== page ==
# conditionally testing for equality of vector's elements

Although it seems pretty simple, I'm not sure of the most efficient way of doing this.

I have two vectors:

``````std::vector<bool> a;
std::vector<int> b;
``````

`a.size()` necessarily equals `b.size()`.

each bool in `a` corresponds to an int in `b`. I want to create a function:

``````bool test(std::vector<bool> a, std::vector<int> b);
``````

This function returns `true` if the values in `a` are equal. However, it only considers values in `a` that correspond to `true` values in `b`.

I could do this:

``````bool test(std::vector<int> a, std::vector<bool> b){
int x;
unsigned int i;
for(i = 0; i < a.size(); ++i){
if(b.at(i) == true){
x = a.at(i);
break;
}
}
for(i = 0; i < a.size(); ++i){
if(b.at(i) == true){
if(a.at(i) != x){
return false;
}
}
}
return true;
}
``````

But then I have to create two loops. Although the first loop will stop at the first true value, is there a better way?

-

Your solution looks good enough to me:

• Each loop does a different thing anyway (so you shouldn't worry about duplication)
• You don't use extranious variables or flags that complicate the code.

The only problems I see are:

• You start the second loop at 0 instead of where you left off.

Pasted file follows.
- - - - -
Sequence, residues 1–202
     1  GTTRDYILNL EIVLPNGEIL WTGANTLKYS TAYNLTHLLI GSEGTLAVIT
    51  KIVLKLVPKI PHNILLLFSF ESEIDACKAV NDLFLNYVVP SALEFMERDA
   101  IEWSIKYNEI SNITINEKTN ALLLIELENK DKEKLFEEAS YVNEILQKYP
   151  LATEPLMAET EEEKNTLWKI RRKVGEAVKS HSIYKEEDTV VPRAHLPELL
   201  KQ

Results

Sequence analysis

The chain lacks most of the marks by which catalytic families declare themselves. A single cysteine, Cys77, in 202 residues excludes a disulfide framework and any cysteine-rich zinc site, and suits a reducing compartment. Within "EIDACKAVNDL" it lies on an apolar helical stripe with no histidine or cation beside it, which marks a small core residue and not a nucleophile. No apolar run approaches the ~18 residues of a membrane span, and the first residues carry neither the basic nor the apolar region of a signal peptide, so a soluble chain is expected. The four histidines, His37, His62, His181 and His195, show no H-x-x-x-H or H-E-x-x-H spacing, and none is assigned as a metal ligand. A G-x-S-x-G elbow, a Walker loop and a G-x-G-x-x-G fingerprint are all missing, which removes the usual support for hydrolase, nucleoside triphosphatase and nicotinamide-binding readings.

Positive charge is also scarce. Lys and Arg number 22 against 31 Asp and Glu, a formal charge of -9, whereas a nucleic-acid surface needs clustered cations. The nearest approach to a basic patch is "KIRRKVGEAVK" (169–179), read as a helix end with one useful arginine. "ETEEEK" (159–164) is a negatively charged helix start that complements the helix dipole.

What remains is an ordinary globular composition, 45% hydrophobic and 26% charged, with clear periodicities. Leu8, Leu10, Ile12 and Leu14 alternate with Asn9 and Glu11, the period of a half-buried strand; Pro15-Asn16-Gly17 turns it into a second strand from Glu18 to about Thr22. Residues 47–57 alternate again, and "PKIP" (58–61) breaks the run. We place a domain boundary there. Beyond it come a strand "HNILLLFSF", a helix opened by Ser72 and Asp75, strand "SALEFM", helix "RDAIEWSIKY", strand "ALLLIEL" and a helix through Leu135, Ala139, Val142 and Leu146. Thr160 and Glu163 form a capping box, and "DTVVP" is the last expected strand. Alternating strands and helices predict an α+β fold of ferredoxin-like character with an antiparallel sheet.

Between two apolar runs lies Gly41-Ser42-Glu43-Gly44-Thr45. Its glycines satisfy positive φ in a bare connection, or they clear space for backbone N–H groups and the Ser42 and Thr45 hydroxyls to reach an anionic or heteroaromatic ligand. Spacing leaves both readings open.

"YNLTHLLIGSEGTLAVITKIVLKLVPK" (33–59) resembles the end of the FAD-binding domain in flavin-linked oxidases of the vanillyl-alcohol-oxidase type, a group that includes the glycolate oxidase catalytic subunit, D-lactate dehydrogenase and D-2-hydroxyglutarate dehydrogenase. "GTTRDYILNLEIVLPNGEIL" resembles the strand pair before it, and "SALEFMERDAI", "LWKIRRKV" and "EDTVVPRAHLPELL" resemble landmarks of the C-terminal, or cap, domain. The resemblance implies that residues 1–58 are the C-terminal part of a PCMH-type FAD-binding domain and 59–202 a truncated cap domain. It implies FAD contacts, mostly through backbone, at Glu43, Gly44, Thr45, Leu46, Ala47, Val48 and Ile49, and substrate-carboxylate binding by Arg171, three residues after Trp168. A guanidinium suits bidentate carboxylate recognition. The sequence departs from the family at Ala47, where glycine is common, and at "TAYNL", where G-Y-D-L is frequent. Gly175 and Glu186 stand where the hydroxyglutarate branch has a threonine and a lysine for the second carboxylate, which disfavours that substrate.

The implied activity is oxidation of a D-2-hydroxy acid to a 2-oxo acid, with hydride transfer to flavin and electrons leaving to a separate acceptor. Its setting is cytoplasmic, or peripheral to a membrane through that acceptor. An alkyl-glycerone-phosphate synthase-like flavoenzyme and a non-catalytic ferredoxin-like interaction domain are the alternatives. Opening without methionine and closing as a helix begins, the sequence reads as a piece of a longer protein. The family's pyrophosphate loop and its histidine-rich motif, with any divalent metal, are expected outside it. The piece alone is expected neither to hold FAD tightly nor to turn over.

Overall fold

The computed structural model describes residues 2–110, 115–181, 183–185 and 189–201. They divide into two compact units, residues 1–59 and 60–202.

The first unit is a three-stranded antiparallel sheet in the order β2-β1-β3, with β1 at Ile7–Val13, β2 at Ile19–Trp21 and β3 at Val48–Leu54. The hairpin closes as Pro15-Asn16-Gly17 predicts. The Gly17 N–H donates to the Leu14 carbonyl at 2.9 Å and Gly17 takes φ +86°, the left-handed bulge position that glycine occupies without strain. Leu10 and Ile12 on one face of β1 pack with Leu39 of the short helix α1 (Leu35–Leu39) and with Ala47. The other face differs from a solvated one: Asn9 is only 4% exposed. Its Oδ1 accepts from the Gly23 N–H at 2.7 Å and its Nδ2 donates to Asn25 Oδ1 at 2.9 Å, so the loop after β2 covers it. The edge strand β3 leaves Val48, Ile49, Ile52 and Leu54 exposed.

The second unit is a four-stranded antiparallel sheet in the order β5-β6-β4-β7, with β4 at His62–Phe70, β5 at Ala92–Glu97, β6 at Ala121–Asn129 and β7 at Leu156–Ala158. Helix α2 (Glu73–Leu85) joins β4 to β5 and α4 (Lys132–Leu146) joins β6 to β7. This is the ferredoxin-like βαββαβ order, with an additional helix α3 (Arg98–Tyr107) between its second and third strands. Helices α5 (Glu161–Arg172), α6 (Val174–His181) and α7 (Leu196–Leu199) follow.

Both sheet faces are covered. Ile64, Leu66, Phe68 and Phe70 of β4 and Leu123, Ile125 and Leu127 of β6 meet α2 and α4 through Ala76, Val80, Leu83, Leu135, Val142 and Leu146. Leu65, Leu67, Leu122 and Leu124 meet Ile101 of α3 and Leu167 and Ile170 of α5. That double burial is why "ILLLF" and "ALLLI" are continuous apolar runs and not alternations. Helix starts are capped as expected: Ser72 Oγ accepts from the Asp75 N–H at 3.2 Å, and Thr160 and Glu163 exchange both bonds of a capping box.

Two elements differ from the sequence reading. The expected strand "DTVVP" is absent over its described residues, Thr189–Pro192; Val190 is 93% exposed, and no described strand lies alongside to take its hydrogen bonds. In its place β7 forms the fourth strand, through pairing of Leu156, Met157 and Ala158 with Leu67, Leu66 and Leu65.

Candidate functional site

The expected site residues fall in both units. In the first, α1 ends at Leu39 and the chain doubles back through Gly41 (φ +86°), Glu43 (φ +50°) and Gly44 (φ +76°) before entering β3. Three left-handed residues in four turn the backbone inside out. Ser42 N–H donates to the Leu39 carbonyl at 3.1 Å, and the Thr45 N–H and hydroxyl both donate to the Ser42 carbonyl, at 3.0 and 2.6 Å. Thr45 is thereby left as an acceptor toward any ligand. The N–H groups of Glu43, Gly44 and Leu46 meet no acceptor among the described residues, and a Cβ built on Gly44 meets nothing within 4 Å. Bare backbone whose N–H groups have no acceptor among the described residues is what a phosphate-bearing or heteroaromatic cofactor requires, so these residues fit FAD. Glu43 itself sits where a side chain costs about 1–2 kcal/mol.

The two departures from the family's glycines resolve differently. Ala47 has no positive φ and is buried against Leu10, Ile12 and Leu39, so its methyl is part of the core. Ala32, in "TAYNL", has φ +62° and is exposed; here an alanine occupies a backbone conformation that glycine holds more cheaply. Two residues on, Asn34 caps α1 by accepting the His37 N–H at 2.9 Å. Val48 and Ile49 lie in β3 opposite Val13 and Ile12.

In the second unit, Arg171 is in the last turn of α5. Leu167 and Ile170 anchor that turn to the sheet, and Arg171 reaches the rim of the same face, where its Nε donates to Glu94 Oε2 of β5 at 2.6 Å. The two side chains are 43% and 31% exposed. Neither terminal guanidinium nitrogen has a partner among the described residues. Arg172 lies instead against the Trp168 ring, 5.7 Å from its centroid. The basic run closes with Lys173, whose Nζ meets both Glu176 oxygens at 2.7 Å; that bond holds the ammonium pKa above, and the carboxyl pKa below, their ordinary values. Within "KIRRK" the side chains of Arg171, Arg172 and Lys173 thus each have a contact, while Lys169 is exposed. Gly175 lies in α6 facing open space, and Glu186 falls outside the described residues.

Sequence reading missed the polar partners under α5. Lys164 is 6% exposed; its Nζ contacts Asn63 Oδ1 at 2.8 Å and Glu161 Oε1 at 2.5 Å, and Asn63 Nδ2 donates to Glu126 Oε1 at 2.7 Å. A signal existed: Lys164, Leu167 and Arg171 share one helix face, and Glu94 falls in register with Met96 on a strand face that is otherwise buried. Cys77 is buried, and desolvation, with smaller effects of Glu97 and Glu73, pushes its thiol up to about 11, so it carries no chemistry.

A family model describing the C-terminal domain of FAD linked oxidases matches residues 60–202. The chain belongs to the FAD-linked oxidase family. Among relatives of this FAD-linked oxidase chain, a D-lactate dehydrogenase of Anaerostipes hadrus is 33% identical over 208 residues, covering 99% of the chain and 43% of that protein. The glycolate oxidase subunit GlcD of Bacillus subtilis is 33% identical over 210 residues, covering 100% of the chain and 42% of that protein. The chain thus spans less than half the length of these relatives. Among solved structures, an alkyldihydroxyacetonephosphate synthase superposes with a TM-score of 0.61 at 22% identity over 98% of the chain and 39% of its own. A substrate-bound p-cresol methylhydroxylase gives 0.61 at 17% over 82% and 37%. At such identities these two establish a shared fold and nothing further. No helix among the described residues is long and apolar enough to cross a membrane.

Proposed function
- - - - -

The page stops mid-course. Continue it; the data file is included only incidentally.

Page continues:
• Doing `if(condition == true)` is very ugly. Just do `if(condition)` instead.

``````bool test(std::vector<int> a, std::vector<bool> b){
int x;
unsigned i;
for(i = 0; i < a.size(); i++){
if(b.at(i)){
x = a.at(i);
break;
}
}
for(i++; i < a.size(); i++){
if(b.at(i)){
if(a.at(i) != x){
return false;
}
}
return true;
``````

}

-

You can do it in one loop if you remember if you have seen the first `true` element in `b` or not. Also, you should take the `a` and `b` parameters by reference to avoid unnecessary copying. And finally, if you know that the indices into a vector are always within valid range (i.e. between 0 and vector.size() - 1, inclusive), you can use `operator[]` instead of `at`, and achieve better peformance (`at` does a range check, while `operator[]` does not). Heres a modified version of your `test` function considering all the above points:

``````bool test(std::vector<int> const& a, std::vector<bool> const& b){
int x;
bool first = true;
for(unsigned i = 0, n = a.size(); i != n; ++i){
if( b[i] ){
if( first ) {
x = a[i];
first = false;
}
else if( x != a[i] ) {
return false;
}
}
}
return true;
}
``````
-
I am not a big fan of control-flow boolean variables. It looks like you are doing this "in one loop" just for the sake of it. –  hugomg Apr 3 '11 at 5:02

Provided you know a.size() == b.size() just create a single loop that compares an 'a' element to a 'b' element at the same time at each iteration. Once you see that a[i] != b[i] then you know the containers don't match and you can break out.

-
I believe that is not what he wants to do –  Pablo Apr 3 '11 at 4:32

I am not 100% certain I know what you want to do but a straight compare once you know you have equal size

``````std::equal(a.begin(), a.end(), b.begin(), std::equal_to<bool>())
``````
-